the Danes accepted, kept silence, and afterwards denied it." The entry
in Malmesbury's diary has been proved to be a string of pure
inventions, for which he or some other informants are responsible. I
have said no record has been left to show that Napoleon ever had any
intention of occupying the ports of Holstein or of using the Danish
fleet for the invasion of Great Britain and Ireland. Members of
Parliament in the House of Commons and members of the House of Lords
proved beyond question that ministers' statements, taking the dates
into account, were entirely erroneous. Canning defended the sending of
the expedition, which was natural, as he was one of the principal
advocates of it. But the House would stand none of his tricks of
evasion or repudiation. He, like some more modern ministers, ventured
on the hazardous plan of deceiving Parliament, and, as was said at the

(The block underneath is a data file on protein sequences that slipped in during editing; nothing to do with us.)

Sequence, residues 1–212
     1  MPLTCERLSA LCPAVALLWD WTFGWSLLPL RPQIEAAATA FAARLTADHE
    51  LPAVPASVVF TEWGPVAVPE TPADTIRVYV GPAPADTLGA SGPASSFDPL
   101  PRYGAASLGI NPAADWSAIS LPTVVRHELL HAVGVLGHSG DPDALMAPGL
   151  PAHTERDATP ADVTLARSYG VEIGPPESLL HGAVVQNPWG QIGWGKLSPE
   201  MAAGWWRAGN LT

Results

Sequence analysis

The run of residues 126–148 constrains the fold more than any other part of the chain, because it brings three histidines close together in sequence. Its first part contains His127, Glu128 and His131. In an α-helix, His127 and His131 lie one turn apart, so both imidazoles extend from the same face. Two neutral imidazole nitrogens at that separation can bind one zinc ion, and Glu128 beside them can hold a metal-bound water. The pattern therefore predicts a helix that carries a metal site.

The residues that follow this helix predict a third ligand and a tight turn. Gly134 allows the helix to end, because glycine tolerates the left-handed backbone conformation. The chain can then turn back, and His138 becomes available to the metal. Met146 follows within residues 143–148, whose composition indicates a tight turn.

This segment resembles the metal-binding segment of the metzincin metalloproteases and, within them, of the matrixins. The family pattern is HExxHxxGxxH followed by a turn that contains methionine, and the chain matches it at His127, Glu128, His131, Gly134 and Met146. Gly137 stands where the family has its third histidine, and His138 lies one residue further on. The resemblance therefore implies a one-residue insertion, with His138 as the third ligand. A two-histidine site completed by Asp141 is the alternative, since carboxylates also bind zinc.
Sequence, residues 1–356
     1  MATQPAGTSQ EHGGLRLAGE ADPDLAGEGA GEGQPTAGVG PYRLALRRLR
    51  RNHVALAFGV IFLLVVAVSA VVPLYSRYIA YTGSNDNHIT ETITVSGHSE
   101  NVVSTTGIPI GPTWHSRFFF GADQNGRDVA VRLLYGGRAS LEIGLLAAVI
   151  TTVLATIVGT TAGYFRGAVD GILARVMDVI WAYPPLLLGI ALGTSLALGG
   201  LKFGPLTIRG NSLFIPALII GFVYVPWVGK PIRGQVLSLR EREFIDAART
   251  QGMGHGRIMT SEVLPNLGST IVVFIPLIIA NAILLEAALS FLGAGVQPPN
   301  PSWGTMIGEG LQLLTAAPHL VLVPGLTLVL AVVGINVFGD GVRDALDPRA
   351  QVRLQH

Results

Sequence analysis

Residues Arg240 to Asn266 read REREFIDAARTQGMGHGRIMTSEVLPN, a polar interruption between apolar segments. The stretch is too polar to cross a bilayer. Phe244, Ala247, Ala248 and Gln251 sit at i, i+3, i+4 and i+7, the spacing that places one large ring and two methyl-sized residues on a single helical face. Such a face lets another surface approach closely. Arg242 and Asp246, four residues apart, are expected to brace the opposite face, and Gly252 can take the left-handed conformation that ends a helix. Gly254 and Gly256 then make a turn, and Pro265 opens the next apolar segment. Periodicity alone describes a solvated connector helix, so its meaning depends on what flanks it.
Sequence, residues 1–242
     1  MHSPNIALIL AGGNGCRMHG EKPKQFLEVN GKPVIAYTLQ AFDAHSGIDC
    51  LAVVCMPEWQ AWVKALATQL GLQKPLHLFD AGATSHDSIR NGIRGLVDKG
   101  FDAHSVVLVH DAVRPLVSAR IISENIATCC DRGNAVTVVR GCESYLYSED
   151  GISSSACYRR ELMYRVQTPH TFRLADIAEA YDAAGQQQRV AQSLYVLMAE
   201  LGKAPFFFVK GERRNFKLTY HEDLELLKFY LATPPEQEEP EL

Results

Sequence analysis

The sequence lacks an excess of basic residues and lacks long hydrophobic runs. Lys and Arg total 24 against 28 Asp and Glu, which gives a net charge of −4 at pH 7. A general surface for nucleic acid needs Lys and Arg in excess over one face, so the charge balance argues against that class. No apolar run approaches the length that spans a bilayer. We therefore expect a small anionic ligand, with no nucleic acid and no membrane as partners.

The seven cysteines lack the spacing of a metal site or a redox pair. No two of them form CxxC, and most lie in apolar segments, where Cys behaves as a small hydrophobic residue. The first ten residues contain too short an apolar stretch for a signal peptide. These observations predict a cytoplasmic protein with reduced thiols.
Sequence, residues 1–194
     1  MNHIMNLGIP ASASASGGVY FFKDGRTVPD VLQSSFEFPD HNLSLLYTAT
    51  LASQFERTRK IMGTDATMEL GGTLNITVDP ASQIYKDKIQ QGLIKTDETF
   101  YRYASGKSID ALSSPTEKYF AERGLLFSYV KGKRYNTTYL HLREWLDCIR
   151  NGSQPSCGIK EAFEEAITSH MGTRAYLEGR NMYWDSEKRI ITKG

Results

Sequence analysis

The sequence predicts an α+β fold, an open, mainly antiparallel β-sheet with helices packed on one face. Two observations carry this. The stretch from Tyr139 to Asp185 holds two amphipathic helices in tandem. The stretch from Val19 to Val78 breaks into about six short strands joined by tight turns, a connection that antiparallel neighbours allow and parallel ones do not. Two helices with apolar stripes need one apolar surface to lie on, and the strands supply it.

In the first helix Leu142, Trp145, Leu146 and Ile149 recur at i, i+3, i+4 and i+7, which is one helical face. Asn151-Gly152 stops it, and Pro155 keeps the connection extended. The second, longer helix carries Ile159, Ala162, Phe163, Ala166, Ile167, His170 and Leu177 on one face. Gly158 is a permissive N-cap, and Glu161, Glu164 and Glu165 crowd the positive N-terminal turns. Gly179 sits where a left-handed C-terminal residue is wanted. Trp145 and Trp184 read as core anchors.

time, setting fair dealing at defiance. Canning, like all tricksters,
read extracts from documents, authentic and otherwise, to prove that
Denmark was hostile to Britain, but when a demand was made for their
inspection, he impudently refused to allow the very documents he had
based his case of justification on to be scrutinized, and in
consequence no other conclusion could be arrived at than that he was
unscrupulously misleading the country. In fact, the Government's case
was so bad it would not bear the light of God's day!

I venture to say that Mr. Fox knew more of the character, political
intricacies, and ambitions of the French race than any public man or
writer of history of his own or in subsequent years. He always based